Eviction Protections Expire
More than 11 million people in the United States are behind on their rent or mortgage payments, and many of them may be evicted when the nationwide eviction moratorium ends in June.
In September last year, The Centers for Disease Control and Prevention declared a temporary halt on the evictions of tenants to prevent the further spread of the virus. Although the temporary halt didn’t stop tens of thousands of Americans from getting evicted, it did decrease the typical number of eviction filings by at least half over the same period, according to researchers.
Experts predict that if the moratorium is lifted, the number of evictions might soar. According to a study conducted by The Center on Budget and Policy Priorities, almost 15% of adult renters are behind on their payments. I’m no expert, but 15% of adult renters being evicted can’t be good for the economy.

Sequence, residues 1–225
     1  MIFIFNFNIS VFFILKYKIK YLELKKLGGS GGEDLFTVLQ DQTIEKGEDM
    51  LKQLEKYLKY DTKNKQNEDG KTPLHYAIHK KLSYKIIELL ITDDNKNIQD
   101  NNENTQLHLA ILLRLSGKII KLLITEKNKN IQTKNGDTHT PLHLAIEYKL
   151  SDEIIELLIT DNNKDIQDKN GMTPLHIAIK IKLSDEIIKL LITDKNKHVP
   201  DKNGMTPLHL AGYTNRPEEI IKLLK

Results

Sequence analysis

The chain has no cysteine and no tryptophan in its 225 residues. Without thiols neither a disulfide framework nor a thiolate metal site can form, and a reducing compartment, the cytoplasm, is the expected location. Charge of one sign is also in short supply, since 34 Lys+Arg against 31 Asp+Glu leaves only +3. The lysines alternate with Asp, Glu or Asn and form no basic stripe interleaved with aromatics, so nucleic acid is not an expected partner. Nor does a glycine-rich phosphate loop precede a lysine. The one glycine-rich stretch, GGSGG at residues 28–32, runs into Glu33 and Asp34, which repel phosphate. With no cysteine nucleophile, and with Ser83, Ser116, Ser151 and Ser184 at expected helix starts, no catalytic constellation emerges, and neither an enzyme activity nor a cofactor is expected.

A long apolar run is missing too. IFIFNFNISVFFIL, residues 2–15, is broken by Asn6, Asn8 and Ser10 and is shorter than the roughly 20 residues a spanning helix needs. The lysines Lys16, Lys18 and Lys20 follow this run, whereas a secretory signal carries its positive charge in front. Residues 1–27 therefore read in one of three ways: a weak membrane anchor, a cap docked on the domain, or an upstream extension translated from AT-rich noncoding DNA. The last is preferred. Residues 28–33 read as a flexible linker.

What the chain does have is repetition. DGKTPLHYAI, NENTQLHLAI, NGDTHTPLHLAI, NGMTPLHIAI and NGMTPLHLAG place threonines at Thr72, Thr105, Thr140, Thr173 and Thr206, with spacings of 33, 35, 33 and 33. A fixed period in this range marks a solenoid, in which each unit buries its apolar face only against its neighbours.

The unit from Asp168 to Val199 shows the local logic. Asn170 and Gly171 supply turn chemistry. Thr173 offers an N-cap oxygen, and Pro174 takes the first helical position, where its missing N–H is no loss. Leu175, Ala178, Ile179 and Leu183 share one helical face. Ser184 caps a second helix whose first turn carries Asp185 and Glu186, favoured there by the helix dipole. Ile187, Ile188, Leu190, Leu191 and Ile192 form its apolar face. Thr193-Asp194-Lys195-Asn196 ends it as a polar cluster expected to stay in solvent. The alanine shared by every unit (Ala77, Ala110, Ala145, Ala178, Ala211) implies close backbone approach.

Housing activists say the removal of the moratorium comes at a bad time for both landlords and tenants, as states scramble to distribute the $45 billion in rental aid set aside by Congress to address the issue. Until all the money is spent, activists say the moratorium should remain in place.
However, many landlords aren’t fans of the policy. Landlords say they can’t afford to provide free housing or bear the burden of the country’s large rental debts, which is estimated to be as high as $70 billion.
If states can use the $45 billion in rental aid effectively, they may be able to bail out tenants and landlords before the wave of evictions come.
I am not a financial advisor and my comments should never be taken as financial advice. Investments come with risk, so always do your research and analysis beforehand.